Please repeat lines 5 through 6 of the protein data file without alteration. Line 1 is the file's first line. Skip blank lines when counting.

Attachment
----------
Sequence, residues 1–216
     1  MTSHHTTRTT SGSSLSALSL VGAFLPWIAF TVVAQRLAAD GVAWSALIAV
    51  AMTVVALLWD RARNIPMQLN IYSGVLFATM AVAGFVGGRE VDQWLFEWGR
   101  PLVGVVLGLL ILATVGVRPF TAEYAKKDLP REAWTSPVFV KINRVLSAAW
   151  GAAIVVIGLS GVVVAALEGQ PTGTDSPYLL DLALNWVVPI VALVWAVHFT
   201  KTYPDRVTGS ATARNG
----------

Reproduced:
   151  GAAIVVIGLS GVVVAALEGQ PTGTDSPYLL DLALNWVVPI VALVWAVHFT
   201  KTYPDRVTGS ATARNG